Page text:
You Have What it Takes: Frugal Homemade Foods from Your Pantry

by Gina Blitstein · 0 comments

I’m a firm believer that a well-stocked kitchen is more than the sum of its individual components. A complete pantry contains the building blocks for the creation of a myriad of additional delights. The frugal among us know that oftentimes, grocery items are simple and quick to create at home from basics you already have on hand. In fact, these homemade equivalents are usually superior in quality and flavor to their pricier, pre-made equivalents, not to mention considerably cheaper. The best part is that you can create it just the way you like it, with your preferred ingredients, with the intensity of flavor and amount of fat or sugar that you desire. Some of my frugal favorites are:

Hot Chocolate/Chocolate Syrup Mix

1 c baking cocoa
2 c granulated sugar
3/4 t salt

Stir ingredients together and store tightly covered.

Hot chocolate – Add ¼ cup mix and 1 cup milk to a saucepan for each serving. Heat over medium heat, stirring until mix is dissolved completely and milk is steaming. Add ¼ teaspoon vanilla to each serving after pouring into cups.

Chocolate syrup – For each ½ cup of syrup desired, blend ½ cup of water and 1 cup mix in a saucepan. Bring to a simmer over medium heat and cook until smooth. Cool.

Seasoning Blends

Many seasoning blends are primarily salt. By making your own, you can not only cut back on salt content but adjust the flavor  to your personal preference. Buy your staple spices in bulk, at a warehouse store or wholesaler where you can get large quantities of those spices you commonly use inexpensively. Then, use your culinary instincts along with the Internet to guide you in creating your own spice blends. Your own blend may take some tweaking to perfect, so start with modest amounts of everything, adding more of particular flavors as desired. Add salt to your blends sparingly or leave it out and add it to foods separately.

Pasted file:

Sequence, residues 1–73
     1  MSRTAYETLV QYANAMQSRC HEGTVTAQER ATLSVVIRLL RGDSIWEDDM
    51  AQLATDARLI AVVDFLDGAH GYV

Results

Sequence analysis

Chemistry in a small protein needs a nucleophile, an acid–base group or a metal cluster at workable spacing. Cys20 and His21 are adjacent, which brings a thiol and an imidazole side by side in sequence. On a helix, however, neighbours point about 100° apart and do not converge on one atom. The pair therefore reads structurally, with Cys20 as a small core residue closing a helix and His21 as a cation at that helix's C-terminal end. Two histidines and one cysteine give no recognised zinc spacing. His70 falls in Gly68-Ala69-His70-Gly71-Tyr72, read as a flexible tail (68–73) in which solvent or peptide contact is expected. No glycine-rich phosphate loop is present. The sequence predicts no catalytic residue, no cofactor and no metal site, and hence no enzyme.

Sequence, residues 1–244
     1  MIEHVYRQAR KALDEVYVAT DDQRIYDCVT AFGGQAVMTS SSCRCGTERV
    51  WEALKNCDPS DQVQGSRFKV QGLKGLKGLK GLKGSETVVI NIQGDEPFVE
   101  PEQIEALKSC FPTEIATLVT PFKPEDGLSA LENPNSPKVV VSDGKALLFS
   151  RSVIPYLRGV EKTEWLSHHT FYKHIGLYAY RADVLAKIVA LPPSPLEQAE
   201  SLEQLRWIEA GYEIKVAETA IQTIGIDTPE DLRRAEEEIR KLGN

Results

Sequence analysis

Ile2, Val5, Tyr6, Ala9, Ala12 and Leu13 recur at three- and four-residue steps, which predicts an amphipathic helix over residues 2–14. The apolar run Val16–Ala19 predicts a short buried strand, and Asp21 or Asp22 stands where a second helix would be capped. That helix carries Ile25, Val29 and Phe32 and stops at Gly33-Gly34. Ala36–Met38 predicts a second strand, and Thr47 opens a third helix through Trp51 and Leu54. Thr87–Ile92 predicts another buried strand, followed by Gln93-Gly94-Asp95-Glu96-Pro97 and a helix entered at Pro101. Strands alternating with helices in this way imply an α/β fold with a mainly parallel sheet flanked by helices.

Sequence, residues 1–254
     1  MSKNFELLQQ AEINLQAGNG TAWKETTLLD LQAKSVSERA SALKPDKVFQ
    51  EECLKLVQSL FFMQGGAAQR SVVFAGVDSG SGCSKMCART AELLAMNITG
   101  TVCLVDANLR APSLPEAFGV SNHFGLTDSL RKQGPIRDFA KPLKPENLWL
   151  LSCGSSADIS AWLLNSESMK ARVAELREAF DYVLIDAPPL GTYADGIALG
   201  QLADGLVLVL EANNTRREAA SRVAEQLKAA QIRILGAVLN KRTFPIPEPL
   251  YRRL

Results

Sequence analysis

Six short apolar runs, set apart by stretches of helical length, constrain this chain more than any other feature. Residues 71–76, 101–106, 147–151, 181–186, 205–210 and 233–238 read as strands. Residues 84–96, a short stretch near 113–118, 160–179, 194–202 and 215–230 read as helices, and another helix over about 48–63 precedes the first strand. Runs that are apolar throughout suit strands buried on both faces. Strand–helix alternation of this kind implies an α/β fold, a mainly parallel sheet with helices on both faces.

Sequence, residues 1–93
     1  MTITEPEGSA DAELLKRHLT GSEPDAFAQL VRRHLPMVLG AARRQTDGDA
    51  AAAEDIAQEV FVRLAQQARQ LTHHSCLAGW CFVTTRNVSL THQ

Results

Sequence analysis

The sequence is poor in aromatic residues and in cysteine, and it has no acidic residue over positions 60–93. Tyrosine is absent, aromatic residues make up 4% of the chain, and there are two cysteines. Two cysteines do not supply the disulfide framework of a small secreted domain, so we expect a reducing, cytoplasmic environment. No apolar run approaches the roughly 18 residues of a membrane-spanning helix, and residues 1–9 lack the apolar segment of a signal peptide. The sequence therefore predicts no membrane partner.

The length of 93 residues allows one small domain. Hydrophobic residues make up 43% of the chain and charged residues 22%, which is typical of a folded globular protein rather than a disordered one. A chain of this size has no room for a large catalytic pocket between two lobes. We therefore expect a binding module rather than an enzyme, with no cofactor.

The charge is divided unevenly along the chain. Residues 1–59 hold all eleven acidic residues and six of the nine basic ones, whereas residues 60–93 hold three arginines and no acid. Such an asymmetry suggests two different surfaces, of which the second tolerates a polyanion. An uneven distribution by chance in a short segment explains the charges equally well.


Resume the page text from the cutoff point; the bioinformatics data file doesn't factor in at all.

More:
Common spices/herbs to buy and their popular uses:

  • Granulated garlic (Italian, Greek, Oriental cuisines, seasoned salt, meat/poultry/seafood seasoning)
  • Granulated onion (Cajun and Mexican cuisines, barbecue/grill seasoning, meat/poultry/seafood seasoning)
  • Dried parsley (Italian, Greek cuisines, chicken/seafood seasoning)
  • Dried oregano (Italian, Greek, Mexican, Cajun cuisines)
  • Dried thyme (Italian, Cajun cuisine, poultry seasoning)
  • Paprika (Cajun cuisine, barbecue seasoning, seasoned salt)

Salad Dressings

The above spice blends can also be used to flavor homemade salad dressings (which can also double as tasty marinades). A basic salad dressing consists of two parts oil to one part vinegar. Seasoning blends (with sugar and salt to taste) can give a simple homemade salad dressing a distinctive flavor.

Master Baking Mix

This is a versatile substitute for packaged baking mix. Besides pancakes, waffles and biscuits, it can be used to make shortbread, dumplings or to coat fried chicken.

8 c all-purpose flour
2 c nonfat dry milk
⅓ c baking powder
¼ c sugar
1 T salt
2 c shortening

Mix all ingredients thoroughly until it resembles coarse crumbs. Store tightly covered and use within 6 weeks.

Biscuits – Stir ½ cup milk into 2 cup mix. Pour batter out onto floured surface. Roll out to ¾” thickness. Cut into biscuits. Bake 10 minutes at 400.

Pancakes – Stir 1 ½ cup milk and 1 egg with 3 cups mix. Pour batter into 4” circles onto lightly oiled hot griddle. Turn when bubbly on top.

You can avoid the need to buy a multitude of pricey, pre-packaged items by keeping your pantry loaded with the basics Live a bountiful yet frugal life in the kitchen by learning to create what you don’t have from what you do.

What can you mix up from what’s already in your kitchen?

Bonus Tip:

Another way to save on your monthly Internet and TV costs is to find a current ATT U-Verse coupon code or at least a promotion to knock down your home service bill.

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